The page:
Chris Gateley / Mustang News

Mick Jagger is still having kids. Wet willies. Second-wave feminism. Donald Trump. What do these have in common? All are fodder for a dating app called Hater, which does exactly what it implies: it matches people by their mutual hatred of things.

Hater, which publicly launched Feb. 8, is the latest installation in an arena of apps attempting to strategize the dance of modern love. Bristlr is a dating app for men with beards and those who scout them (it has 100,000 registered users). 3nder is Tinder plus a third. Sizzl sorts users based on their bacon preferences — crispy or subdued?

Contrary to its many cohorts, Hater is grounded on a premise that the app’s creator Brendan Alper found reflected in research: sharing negative attitudes promoted closeness between people.

Haters offer users more than 3,000 topics to hate. Many of them are from Alpert’s own conversations with his friends about their pet peeves.

It’s complicated
According to renowned anthropologist Helen Fisher, when we’re in love, certain parts of the brain — like areas linked with negative emotions, critical social assessment, planning and the evaluation of trustworthiness and fear— turn off.

According to Dr. Raj Persaud in Simply Irresistible, the Psychology of Seduction, married or “happily cohabiting” couples are less likely to suffer from depression and live longer than single, divorced or widowed people — but only if they pick the correct partner.

Knowing what constitutes the correct partner, is where science encounters challenges. According to psychology professor Elizabeth Barrett, who counseled couples for years, Hater’s implicit prerequisites for sustaining attraction may actually hold up in the real world.

Barrett said it’s easy to find people who align with the things you love.

“The real challenge, the staying power of a long-term relationship is how do you love someone when they’re not at their best? When they’re showing their ugly side?” Barrett said.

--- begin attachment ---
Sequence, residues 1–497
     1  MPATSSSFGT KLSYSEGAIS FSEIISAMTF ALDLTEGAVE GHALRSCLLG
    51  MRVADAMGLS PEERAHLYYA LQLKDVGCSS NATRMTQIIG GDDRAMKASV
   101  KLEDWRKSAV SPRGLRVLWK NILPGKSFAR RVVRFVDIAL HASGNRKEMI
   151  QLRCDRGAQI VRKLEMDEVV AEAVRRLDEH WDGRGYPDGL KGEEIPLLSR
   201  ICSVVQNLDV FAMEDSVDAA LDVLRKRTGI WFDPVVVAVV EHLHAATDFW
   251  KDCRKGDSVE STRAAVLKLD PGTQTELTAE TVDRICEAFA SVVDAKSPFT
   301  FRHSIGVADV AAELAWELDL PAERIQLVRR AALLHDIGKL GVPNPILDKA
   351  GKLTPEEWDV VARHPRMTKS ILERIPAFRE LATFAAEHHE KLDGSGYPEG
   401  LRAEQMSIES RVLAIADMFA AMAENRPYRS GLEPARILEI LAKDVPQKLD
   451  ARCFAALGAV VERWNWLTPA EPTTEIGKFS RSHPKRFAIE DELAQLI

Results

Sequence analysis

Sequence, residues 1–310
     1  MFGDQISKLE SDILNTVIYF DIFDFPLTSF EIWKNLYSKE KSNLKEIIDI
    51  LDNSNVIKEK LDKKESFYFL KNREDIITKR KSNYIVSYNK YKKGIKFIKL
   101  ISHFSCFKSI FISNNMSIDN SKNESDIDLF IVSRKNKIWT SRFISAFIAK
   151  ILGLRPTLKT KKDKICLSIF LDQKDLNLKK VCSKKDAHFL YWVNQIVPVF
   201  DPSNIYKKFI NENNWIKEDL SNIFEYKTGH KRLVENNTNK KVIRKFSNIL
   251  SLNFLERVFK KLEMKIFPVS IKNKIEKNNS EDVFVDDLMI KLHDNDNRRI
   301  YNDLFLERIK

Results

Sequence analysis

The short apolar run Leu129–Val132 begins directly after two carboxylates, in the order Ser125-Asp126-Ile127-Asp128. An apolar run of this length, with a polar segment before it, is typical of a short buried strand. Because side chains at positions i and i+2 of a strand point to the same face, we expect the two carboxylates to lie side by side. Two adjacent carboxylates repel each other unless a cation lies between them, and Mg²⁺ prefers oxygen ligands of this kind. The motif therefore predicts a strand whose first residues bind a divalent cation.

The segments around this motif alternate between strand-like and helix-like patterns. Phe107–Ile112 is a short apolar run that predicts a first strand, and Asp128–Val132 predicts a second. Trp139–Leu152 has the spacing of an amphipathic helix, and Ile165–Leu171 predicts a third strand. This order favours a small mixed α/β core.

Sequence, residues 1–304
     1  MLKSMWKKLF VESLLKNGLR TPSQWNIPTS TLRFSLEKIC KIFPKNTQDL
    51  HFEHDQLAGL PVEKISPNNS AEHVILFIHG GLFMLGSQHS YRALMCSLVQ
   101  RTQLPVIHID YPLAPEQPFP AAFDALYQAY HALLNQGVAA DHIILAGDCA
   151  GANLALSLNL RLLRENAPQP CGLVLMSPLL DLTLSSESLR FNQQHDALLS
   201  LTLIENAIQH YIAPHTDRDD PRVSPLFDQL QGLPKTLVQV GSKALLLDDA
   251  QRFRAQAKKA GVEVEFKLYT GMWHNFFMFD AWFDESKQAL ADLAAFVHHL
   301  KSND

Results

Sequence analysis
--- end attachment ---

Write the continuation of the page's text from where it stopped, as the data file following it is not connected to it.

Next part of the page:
The ugly side — the part of us that hates, is judgmental or biased — is the underbelly of connection. It’s often the part of ourselves we work hardest to hide, Barrett said. Meanwhile, the things we report liking, especially ones on dating sites we know thousands will see, run the risk of sounding agreeable or surface-level.

“Hate is an interesting word and it’s kind a flip term.” Barrett said. “We’re really talking about the things that annoy us or those dark things that kind of drive our inner story — our shadow state.”

Shared disenchantments, cynicisms and unpopular opinions retain a vigor in romantic relationships, Barrett said. They can lift couples out of arguments or negative spaces because the mutuality is meaningful and holds more significance than a shared affection for Bernese mountain dogs.

According to Barrett, research shows that some of the reported reasons couples divorce are interchangeable with the reasons they got married: he married her because she was outgoing and fun to be around; they divorced because she never stopped talking.

“What bonds people is mysterious,” Barrett said. “That’s why marriage therapy is one of the hardest aspects of being a counselor because you really can’t know the dance couples do privately. What is it that draws them together? A lot of times therapists end up just being an audience to that dance that couples do.”

According to Don Ryujin, a psychology professor and personality researcher who recently gave a TedX Talk about the power of emotions, research during the last 130 years consistently demonstrates the power of similarities for relationships.

“It’s not just similarities,” Ryujin said. “The things that you match up on have to be really critical to you.”